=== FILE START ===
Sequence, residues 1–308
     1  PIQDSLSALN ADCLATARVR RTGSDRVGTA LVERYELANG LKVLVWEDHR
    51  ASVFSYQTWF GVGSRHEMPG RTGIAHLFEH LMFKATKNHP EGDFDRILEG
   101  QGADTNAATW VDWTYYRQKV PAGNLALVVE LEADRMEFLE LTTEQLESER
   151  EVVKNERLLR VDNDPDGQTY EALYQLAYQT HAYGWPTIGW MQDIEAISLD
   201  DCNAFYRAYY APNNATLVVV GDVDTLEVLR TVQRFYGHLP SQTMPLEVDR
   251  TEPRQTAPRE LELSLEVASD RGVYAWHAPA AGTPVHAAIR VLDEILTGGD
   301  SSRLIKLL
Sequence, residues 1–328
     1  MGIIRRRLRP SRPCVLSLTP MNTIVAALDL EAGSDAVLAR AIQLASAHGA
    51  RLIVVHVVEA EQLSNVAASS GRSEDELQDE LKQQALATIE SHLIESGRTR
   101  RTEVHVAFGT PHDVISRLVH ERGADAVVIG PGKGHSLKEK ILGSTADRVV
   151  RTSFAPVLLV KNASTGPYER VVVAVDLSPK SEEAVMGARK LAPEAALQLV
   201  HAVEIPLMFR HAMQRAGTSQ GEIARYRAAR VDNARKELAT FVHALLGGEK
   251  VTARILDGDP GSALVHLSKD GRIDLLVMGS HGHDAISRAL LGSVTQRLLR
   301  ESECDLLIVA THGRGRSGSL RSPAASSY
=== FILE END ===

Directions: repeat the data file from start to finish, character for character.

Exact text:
Sequence, residues 1–308
     1  PIQDSLSALN ADCLATARVR RTGSDRVGTA LVERYELANG LKVLVWEDHR
    51  ASVFSYQTWF GVGSRHEMPG RTGIAHLFEH LMFKATKNHP EGDFDRILEG
   101  QGADTNAATW VDWTYYRQKV PAGNLALVVE LEADRMEFLE LTTEQLESER
   151  EVVKNERLLR VDNDPDGQTY EALYQLAYQT HAYGWPTIGW MQDIEAISLD
   201  DCNAFYRAYY APNNATLVVV GDVDTLEVLR TVQRFYGHLP SQTMPLEVDR
   251  TEPRQTAPRE LELSLEVASD RGVYAWHAPA AGTPVHAAIR VLDEILTGGD
   301  SSRLIKLL
Sequence, residues 1–328
     1  MGIIRRRLRP SRPCVLSLTP MNTIVAALDL EAGSDAVLAR AIQLASAHGA
    51  RLIVVHVVEA EQLSNVAASS GRSEDELQDE LKQQALATIE SHLIESGRTR
   101  RTEVHVAFGT PHDVISRLVH ERGADAVVIG PGKGHSLKEK ILGSTADRVV
   151  RTSFAPVLLV KNASTGPYER VVVAVDLSPK SEEAVMGARK LAPEAALQLV
   201  HAVEIPLMFR HAMQRAGTSQ GEIARYRAAR VDNARKELAT FVHALLGGEK
   251  VTARILDGDP GSALVHLSKD GRIDLLVMGS HGHDAISRAL LGSVTQRLLR
   301  ESECDLLIVA THGRGRSGSL RSPAASSY